This tragic loss caused grief to the party, to John most of all, for he had got to like him during the journey out and found him a good companion. The diary adds that with some difficulty they secured a coffin and buried his body in the bush3 miles from the little township of Wangratta. A small wooden cross was raised over his grave bearing a simple inscription to a departed comrade. The gold watch and chain, a wallet, an unusual kind of knife, which, if it could speak, would tell of many smuggling episodes, a silver snuff box and other personal belongings were entrusted to John's care so that when he should return to Cornwall, he might seek out William's widow and place such mementoes in her hands.
When I closed the book I was left wondering what happened. And being a member of the Cornish L-list a notice board for those doing research into Cornish family history I posted the following e-mail:Hi. Listers,
Is their anyone on the list researching the name of Toll. If so please get in touch as I have a document which may be of interest.
George P. To which I received the following reply: Hello George
I am researching Tolls in the St Keverne/Breage/Germoe area. This west Cornwall family has a separate origin to other Tolls in east Cornwall. Let me know if your find relates to the west Cornwall Tolls.
Dear Edward I should think this is definitely one of yours. Let me know if it is.
HOW ABSOLUTELY AMAZING !!
William Toll is my great-great-grandfather. As you will see from the details
below of his life, there can be no doubt as to the identification. Family
memory does indeed record that his fate in Australia was unknown for several
years until one day a man came to his widow's inn and told her that he had
died in the outback. Somehow I have never seen the article in the JRIC, even
though I am a member and have a run of the journal going back to the 1960s.
Many thanks for taking the trouble to post the message and to send me the
Edward also sent me the birth marriage and death details of William and Charlotte his wife and also the details of a gravestone in Germoe Churchyard. The gravestone is almost unreadable now. William Toll, Aged 50 Died 1853 in Australia, Also Charlotte wife of the above.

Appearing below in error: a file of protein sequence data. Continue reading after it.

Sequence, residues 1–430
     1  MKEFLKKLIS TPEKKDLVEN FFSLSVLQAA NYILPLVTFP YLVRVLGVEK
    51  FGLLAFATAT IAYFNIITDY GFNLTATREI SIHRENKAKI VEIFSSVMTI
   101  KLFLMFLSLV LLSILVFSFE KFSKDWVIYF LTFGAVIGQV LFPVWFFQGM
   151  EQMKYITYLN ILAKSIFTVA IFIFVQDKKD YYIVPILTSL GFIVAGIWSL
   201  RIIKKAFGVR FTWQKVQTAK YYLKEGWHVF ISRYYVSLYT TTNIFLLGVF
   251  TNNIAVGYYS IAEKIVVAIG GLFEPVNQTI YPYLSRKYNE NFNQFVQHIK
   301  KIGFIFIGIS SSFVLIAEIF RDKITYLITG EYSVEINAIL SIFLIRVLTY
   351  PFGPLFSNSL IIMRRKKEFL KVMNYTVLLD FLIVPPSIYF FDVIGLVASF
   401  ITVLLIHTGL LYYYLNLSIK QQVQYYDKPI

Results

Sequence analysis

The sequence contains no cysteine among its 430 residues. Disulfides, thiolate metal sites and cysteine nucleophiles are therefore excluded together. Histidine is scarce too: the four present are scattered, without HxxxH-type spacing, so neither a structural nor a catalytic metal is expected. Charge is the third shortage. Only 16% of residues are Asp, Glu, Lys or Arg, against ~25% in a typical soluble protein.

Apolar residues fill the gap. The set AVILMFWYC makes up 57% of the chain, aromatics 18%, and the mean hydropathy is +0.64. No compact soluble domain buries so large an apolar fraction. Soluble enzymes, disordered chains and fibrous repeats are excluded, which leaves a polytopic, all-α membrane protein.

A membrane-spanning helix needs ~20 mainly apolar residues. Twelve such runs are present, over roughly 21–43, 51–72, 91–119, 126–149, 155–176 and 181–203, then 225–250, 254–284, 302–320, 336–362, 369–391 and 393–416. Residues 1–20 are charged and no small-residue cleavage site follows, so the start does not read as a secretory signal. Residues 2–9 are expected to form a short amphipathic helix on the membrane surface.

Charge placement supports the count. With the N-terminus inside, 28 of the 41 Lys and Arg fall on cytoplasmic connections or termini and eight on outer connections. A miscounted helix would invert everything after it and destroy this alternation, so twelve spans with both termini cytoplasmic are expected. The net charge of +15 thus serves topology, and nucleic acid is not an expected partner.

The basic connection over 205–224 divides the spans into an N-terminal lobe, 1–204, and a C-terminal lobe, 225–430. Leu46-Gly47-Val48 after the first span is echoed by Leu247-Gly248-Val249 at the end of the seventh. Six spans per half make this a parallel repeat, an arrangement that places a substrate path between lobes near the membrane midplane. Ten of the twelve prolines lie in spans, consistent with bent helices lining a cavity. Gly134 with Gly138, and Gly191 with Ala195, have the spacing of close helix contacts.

A twist to the tale was when Corinne Thompson another member of the Cornish L-list who lives in Australia put Edward Martin in touch with Betty Eggleton. Betty was a descendent of John Roach Edwards who had the original diary. Unfortunately Betty died just before Christmas but Jack her husband has kindly sent Martin a Copy
March 14th 2003.
Further information on the travels of William Toll came to light in the following letter from Margo Palmer.
"My mother has this
poem and a letter to Charlotte Toll, as passed down to
California & its Inhabitants
I then received the following from Jocelyn Palmer, Margo's mother.
To : Mr. & Mrs. George
Another little piece of the jigsaw that makes up the life of William Toll appeared in the West Brition on April 27th 1838.
Public House to Let
? is this William's Marriage record? if so then we have two separate Williams,
Germoe, William TOLL of Germoe too Charlotte MATHEWS of Sithney, 31-Jan. 1830
William and his family are shown as follows on the 1841 Census:Trethewy, in Germoe. William Toll,35,,Farmer,In county , Charlotte Toll,,35,,In county ,, Charlotte Toll,,7,,In county ,, Honner Toll,,5,,In county ,
William and his family are shown as follows on the 1851 Census:Church Town, Germoe, Cornwall William Toll,Head,M,47,,Licensed Victuallor,Germoe Cornwall Charlotte Toll,Wife,M,,47,,Madron Cornwall Charlotte Toll,Dau,U,,16,At Home,Germoe Cornwall Honor Toll,Dau,,,14,Scholar,Germoe Cornwall
Researched and compiled by George Pritchard of Penhalvean, Cornwall, UK.
Last modified: Saturday July 06, 2013 .